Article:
This handout photo from the Royal Thai Government taken and released on November 3, 2020 shows Thailand's Prime Minister Prayut Chan-O-Cha wearing a face mask while cooking a local dish during a visit to Phuket, to revive the tourism industry affected by the Covid-19 novel coronavirus pandemic. (AFP / Handout)

Thai social media users share misleading claim that WHO warned against cooking with aluminium foil

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Multiple Facebook posts circulating in Thailand claim the World Health Organization (WHO) warned against cooking with aluminium foil due to health concerns. The claim, however, is misleading: a spokesperson for the WHO told AFP that no such warning had been issued as of February 25, 2021. Health experts maintain that using aluminium foil while cooking is generally safe.

The claim was published on Facebook here on February 21, 2021.

Screenshot of the misleading Facebook post, taken on March 1, 2021

The post’s Thai-language caption translates to English as: “Urgent!!! The World Health Organization (WHO) has announced a warning to all citizens as follows:-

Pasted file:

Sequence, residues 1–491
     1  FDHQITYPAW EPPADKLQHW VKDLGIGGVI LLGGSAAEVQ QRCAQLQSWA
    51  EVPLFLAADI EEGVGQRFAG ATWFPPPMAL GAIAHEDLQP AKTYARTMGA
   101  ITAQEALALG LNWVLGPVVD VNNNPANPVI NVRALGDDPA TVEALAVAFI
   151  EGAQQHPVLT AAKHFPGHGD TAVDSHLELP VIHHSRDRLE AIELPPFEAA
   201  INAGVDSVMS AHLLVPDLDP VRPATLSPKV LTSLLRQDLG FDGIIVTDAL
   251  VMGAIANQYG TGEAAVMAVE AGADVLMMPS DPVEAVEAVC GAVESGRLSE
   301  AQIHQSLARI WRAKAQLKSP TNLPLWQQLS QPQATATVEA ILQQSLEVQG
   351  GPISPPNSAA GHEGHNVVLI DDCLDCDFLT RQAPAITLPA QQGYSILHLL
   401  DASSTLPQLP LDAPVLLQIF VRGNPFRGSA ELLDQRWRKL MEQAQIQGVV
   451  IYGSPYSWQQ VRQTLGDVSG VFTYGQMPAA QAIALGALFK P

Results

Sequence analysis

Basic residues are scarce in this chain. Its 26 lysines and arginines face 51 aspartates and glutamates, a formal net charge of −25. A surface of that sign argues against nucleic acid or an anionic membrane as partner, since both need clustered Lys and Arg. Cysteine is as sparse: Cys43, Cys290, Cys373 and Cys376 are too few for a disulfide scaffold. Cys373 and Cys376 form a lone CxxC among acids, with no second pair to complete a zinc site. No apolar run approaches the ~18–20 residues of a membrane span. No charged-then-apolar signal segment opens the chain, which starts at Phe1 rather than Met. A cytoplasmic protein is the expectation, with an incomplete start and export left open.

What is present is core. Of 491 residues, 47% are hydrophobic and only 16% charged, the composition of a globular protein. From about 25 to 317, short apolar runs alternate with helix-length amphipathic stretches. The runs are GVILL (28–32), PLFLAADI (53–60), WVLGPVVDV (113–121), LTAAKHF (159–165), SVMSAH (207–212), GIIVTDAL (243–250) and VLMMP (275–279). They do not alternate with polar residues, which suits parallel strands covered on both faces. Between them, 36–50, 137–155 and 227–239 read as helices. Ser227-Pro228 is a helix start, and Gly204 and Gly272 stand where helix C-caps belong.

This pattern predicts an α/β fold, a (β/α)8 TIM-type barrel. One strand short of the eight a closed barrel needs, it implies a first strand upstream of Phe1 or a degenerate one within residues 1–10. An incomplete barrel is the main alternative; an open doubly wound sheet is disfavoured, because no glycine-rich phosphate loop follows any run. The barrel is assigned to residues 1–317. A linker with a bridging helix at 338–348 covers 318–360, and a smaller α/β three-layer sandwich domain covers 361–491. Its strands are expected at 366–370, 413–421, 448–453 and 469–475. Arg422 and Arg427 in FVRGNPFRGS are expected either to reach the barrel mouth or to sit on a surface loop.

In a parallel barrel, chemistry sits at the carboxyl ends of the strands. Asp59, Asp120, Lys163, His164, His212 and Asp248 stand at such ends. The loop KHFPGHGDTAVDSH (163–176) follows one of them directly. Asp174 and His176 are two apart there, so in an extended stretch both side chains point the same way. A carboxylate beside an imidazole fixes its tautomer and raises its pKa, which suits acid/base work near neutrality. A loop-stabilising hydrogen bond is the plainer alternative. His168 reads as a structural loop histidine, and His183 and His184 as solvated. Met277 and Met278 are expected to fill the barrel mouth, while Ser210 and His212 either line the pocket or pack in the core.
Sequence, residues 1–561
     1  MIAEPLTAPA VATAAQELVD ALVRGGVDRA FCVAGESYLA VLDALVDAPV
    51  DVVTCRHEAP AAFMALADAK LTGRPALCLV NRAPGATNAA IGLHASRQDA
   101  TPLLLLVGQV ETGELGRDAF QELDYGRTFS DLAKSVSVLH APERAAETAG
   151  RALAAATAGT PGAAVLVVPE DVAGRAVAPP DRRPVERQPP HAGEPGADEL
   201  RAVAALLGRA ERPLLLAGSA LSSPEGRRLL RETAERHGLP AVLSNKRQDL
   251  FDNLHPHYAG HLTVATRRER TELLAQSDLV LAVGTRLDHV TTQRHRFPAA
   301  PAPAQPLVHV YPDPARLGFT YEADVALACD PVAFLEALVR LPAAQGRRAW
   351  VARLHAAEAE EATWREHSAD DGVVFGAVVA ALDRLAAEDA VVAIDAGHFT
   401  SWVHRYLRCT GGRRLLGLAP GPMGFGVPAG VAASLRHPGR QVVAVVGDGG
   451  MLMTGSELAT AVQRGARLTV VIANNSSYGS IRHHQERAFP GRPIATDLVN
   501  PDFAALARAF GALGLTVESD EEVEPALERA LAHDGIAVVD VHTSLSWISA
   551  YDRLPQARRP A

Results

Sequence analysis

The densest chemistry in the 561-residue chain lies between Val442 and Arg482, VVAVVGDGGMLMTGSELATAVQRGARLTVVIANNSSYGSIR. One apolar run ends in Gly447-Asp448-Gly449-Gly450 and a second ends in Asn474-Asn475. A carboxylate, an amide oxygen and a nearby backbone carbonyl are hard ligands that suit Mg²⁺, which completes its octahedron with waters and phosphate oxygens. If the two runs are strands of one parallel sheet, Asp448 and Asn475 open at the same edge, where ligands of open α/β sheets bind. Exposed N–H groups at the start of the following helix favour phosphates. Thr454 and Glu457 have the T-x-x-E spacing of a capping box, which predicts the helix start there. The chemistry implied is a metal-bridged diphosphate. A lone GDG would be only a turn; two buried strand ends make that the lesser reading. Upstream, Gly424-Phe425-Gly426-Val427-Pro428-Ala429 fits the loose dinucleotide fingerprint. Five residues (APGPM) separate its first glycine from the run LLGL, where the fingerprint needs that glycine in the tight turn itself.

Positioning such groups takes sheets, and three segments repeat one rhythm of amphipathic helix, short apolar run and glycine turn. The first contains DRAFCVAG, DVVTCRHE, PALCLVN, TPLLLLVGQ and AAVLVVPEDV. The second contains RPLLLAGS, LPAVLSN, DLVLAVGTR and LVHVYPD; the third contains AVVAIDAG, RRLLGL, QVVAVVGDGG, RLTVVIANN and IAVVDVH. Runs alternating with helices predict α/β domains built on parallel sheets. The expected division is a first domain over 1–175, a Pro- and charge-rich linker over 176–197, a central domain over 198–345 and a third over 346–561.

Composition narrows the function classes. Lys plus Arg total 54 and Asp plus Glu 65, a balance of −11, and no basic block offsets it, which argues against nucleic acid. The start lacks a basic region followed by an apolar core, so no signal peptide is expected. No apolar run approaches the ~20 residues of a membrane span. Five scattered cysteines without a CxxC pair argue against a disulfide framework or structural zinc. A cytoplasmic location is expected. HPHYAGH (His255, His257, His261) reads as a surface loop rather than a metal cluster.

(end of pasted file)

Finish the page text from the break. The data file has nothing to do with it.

“Do not use aluminium foil to prepare food that requires heating to cook. This can be dangerous to you and your loved ones’ health, causing illnesses to the brain, liver, heart, kidneys, bones. Alzheimer's and numerous diseases [can be caused by] the intake of heavy metals contaminated within the food that you eat.”

A similar claim about a purported WHO warning was published on Facebook here and here.

The claim, however, is misleading.

In an email to AFP on February 25, 2021, a WHO spokesperson said they were “not aware of any WHO issued warning about aluminium foil and heating of food.”

“The share of a person's total dietary intake of aluminium from other food sources and water is probably higher than the intake from aluminium containing utensils and foil," the spokesperson said.

A report published here by the European Food Safety Authority (EFSA) found that acidic food can increase aluminium concentration in food, but noted that “under normal and typical conditions the contribution of migration from food contact materials would represent only a small fraction of the total dietary intake.”

The EFSA report refutes the suggestion that exposure to aluminium could cause Alzheimer’s disease.

“Based on the available scientific data, the Panel does not consider exposure to aluminium via food to constitute a risk for developing Alzheimer’s disease,” the report reads.

A 2017 peer-reviewed study published here in the Environmental Sciences Europe states: “There is no scientific evidence indicating a connection between aluminium uptake from foodstuffs, including drinking water, pharmaceuticals, or cosmetics and Alzheimer’s disease.”